- Payment: In our case, my mom has long term care insurance that covers the cost of adult day care. Other families may be eligible for Medicaid to pay for Adult Day Care in which case they should seem a program that accepts Medicaid. If neither of these apply, it's likely that you will need to pay out of pocket (perhaps from your loved one's savings).
- Location and Transportation: A next consideration is the location of the center and whether they offer transportation to bring your loved one to and from the center.
- Programming: Review the activities and services that are available at the center and make sure that they are well aligned with your loved ones abilities. Note that most centers will allow you to participate with your loved one for
- Hours: Some centers are open 7 days a week whereas many are only open Monday through Friday. In addition to the days, there is a question of time within the day. Some center do a 4, 5 or 6 hour session, while others have a morning session and an afternoon session. Make sure that the hours correspond to your needs.
- Quality: There are many aspects to the quality of a center. Look at reviews and testimonials, ask for references, check for staffing ratios and whether there is always a nurse on site, and finally be sure to review their policies.
Adult Day Care Software
What software do you need to run your adult day care center? The answer is... it depends! There are a lot of differences driven by states (primarily based on Medicaid requirements) and then there are differences driven by the way that different centers have chosen to run.
Here's a rundown of the key features needed in Adult Day Care software:
- Attendance Tracking: Some programs bill by the "session" whereas others bill by the hour or by the 15 minute Medicaid unit. Many programs require a participant signature. In programs that bill by the hour or unit, they also require a "clock-out" at the end of the day.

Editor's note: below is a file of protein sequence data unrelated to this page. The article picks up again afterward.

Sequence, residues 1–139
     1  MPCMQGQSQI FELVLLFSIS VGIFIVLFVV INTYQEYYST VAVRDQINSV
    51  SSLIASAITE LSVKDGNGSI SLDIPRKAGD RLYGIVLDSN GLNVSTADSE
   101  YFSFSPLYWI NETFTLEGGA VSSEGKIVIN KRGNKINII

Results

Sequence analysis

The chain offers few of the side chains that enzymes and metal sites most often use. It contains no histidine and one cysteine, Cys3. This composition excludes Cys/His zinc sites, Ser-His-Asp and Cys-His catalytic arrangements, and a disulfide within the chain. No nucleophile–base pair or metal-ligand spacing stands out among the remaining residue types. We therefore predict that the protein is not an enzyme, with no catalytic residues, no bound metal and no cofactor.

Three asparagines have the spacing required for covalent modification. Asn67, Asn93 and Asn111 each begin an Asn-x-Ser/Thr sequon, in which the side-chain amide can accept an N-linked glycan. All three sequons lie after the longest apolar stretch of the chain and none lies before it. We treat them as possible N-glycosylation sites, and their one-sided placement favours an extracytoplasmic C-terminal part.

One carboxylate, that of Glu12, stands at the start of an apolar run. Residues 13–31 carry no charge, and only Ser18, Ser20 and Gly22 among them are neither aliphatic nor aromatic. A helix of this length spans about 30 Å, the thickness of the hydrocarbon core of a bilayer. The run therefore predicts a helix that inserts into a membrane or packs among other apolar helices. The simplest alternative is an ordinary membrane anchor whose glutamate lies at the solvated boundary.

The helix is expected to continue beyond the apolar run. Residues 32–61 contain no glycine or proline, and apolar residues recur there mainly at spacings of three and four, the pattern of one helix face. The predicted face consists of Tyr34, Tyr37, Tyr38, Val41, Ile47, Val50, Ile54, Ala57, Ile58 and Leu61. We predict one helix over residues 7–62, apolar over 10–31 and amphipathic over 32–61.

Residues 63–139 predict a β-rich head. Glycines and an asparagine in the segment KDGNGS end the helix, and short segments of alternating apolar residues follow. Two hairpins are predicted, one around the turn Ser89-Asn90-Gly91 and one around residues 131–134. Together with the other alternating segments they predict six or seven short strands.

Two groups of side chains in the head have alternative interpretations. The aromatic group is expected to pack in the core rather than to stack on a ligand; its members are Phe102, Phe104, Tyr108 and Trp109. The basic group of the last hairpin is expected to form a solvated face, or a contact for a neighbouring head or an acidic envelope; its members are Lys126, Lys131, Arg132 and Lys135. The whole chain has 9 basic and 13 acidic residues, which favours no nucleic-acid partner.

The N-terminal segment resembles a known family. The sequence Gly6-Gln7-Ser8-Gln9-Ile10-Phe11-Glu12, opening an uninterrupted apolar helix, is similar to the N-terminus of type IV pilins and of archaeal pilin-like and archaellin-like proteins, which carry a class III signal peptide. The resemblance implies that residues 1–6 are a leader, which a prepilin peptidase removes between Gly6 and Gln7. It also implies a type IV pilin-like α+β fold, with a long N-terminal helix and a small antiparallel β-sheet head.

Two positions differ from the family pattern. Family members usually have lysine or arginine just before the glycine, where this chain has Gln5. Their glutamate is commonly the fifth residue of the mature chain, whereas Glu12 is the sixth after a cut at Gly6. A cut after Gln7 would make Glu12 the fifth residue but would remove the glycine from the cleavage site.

- Activities: Some programs require activity participation to be tracked for each participant and day. Additionally, some programs require tracking of each participant's level of engagement. Some programs publish their activity calendar but don't need to track activities at the participant level.
- Meals: Many programs require tracking meals in a variety of ways. Some programs, for example, provide breakfast, a snack and lunch and they must indicate which participants had each of the meals offered. Further, some programs require the center to indicate what percentage of the meal was consumed.
- Telehealth: Some programs allowed (or required) centers to have telehealth sessions with their clients during Covid and perhaps beyond.
- Transportation: Some centers provide transportation to their participants. For centers who provide transportation with their own vehicles, they need to assign participants to vehicles and to create routes. Others need to track 3rd party transportation services.
- Assessments: Many programs require periodic, or at least 1-time client assessments and the ability to schedule them.
- Billing: The software needs to create bills or at least billing reports that can be entered into a separate billing program or clearing house.
- Staff Timekeeping: Staff timekeeping and payroll calculation is needed by some centers.
Trusted Resources for Adult Day Services Information and assistance
Here are some sources of information and services who are trusted in the realm of Adult Day Services:
NADSA: The National Adult Day Services Association provides numerous resources including conferences and other events. Learn more here.
Harpeth Consulting: Joel at Harpeth is a former day center director and former NADSA board chair who now provides consulting services. Click here to visit their website.
Ankota: Recommended software partner. Click here to be in touch.
- NADSA Strategic Partners: The full NADSA strategic partners list is available here.